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DevBlog: Happiness

Hi guys, my name is Jan Dungel and I am the Lead Game Designer on Anno 1800. I worked on many different games in the past but Anno 1800 is an especially exciting project for me. Even compared to other strategy games, the incredibly large feature list of intertwined systems makes you realize how everything in Anno’s grand scheme is deeply connected. The setting in the era of the industrial revolutions with its many social changes is just an added cherry on top: Anno 1800 educates you, encourages smart thinking and breathes creativity.

Will you be remembered as a liberator or robber baron?
Happiness as a gameplay mechanic is nothing new to Anno fans, but as with many other features in Anno 1800, we refined the system to make it more meaningful than in any previous title in the series. But before we go into the details, let’s break down what that actually means for you.

Happiness tracks how satisfied the residents on your island are. And as freedom of choice is one of our design philosophies, you will be able to decide if your residents will remember you as a saint or robber baron, with both approaches being a valid playstyle. That means that an altruistic approach is as much of a valid strategy as exploiting your residents. To make that possible, we changed one important rule in the Anno formula: It is no longer necessary that your residents are happy in order to advance to the next tier.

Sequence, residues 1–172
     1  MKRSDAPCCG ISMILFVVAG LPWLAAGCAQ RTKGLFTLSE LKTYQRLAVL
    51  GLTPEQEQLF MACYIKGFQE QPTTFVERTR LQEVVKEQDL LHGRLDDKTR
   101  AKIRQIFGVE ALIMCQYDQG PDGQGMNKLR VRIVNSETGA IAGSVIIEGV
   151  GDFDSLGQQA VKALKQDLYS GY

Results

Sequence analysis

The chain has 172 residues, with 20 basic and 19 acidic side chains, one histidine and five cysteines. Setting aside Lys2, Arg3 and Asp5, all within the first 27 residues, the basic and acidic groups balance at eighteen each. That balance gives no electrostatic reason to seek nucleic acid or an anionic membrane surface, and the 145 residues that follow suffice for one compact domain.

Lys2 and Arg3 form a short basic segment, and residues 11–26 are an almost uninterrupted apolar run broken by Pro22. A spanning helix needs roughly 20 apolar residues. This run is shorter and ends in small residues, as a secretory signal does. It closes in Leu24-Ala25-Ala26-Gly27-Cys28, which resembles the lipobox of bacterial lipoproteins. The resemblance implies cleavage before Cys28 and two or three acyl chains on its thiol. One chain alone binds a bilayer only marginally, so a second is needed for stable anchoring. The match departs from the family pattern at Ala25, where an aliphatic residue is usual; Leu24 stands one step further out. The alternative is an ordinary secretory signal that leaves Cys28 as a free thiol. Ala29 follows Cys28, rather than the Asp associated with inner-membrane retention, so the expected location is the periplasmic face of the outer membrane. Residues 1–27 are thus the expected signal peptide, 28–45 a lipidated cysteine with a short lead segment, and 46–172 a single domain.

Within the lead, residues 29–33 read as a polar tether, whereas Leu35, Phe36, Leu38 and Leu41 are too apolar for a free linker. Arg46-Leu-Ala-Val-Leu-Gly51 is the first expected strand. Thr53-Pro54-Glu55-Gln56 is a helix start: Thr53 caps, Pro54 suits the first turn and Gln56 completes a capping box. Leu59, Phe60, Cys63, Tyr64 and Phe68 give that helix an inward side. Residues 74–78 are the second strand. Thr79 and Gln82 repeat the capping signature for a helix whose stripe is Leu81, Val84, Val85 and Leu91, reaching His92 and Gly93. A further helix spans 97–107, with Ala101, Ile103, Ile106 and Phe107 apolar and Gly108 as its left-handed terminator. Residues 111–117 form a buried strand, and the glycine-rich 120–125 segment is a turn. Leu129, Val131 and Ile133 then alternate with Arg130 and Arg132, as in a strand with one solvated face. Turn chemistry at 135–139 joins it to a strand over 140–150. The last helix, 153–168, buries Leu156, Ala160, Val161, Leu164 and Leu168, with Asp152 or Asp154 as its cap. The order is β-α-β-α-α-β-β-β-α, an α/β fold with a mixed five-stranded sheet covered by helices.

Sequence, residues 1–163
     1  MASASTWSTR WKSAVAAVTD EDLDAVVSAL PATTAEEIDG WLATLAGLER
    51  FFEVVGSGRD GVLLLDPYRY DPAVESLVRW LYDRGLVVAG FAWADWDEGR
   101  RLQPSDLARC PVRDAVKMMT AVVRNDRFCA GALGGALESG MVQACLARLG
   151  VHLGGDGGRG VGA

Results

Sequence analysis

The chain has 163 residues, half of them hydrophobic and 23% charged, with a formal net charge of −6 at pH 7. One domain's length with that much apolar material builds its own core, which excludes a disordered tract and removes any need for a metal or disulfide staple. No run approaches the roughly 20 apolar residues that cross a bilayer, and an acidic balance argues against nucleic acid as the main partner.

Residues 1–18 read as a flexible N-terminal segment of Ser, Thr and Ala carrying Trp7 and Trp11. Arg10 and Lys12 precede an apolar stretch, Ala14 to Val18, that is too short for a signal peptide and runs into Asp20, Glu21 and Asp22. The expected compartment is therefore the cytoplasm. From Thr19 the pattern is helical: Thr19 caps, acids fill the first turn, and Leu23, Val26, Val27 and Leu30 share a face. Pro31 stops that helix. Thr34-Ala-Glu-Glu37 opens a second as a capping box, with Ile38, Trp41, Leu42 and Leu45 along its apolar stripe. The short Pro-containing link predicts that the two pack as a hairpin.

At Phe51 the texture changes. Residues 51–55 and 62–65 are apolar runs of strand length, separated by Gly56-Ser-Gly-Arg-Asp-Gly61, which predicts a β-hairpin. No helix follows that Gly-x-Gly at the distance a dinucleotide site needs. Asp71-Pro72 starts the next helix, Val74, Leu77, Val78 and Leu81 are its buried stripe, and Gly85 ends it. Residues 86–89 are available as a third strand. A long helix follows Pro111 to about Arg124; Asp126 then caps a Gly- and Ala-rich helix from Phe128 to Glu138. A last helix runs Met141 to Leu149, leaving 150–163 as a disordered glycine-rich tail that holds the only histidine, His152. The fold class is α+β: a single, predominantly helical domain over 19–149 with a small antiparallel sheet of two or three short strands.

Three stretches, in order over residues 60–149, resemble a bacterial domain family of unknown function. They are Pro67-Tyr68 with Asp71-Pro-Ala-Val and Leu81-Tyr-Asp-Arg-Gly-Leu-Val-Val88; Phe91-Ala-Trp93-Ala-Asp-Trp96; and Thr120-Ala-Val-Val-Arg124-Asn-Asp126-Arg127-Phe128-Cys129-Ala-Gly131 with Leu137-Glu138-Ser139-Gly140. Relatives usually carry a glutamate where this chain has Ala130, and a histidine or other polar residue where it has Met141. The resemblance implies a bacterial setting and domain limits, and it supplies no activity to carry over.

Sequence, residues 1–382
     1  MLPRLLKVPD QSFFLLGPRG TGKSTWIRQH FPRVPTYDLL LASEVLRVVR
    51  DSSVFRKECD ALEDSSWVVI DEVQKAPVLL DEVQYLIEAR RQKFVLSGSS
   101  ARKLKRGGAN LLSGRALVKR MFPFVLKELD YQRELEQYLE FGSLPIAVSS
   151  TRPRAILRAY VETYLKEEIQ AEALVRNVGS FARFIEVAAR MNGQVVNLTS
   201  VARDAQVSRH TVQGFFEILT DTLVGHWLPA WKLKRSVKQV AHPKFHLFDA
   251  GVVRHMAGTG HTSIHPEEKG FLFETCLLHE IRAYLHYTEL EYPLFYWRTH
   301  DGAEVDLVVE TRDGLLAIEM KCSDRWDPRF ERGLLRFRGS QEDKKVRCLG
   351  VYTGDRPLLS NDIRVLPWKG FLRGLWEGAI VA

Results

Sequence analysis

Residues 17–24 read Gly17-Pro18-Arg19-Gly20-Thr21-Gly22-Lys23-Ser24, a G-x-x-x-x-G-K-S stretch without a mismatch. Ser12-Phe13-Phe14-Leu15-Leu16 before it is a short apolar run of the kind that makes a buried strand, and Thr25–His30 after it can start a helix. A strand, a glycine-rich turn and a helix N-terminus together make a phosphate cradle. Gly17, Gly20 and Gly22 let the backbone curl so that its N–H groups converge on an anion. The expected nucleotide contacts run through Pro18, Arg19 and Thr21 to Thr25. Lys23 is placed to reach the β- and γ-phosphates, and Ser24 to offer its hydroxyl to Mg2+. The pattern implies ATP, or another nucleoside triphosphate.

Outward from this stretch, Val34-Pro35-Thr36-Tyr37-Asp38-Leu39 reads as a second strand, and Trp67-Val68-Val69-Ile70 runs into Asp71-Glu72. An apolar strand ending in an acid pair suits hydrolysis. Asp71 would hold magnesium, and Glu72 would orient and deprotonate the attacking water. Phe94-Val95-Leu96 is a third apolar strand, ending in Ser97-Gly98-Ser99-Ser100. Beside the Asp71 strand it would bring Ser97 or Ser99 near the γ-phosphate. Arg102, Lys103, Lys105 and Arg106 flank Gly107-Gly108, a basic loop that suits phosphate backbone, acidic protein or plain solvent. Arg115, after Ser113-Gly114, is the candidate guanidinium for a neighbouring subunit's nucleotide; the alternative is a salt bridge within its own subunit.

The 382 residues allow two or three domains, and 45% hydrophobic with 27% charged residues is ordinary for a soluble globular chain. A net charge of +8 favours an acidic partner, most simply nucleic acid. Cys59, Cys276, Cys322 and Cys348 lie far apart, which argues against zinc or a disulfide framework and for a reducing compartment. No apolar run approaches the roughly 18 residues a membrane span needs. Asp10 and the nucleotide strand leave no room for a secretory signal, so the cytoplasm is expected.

With that requirement out of the way, we went ahead and re-designed residential happiness. The needs of your residents are now separated, with one part being relevant for happiness and the other being relevant for the population of your residential buildings. That allows you to just fulfill the bare minimum of subsistence needs to push your population while ignoring the satisfaction of your residents. Think about the rise of the working class, where people moved into the big cities to work in the modern factories, while often being forced to live a simplistic life, lacking any form of luxury. And still, the big cities were expanding at a rapid speed, having a hard time to catch up with the needed living space to host thousands of newly arriving residents.

Let’s look at an example. The first farmers come in because you provide a marketplace. But if you want to attract more farmers, you have to provide the different population needs such as fish or woolen smocks, which will stack up until you have the maximum amount of 10 farmers in one building in order to advance. Schnapps and a pub will surely make them happy, but they are not required in order to become part of the working class, as luxury needs won’t attract more people to your residential buildings.

Push them hard or lend them your hand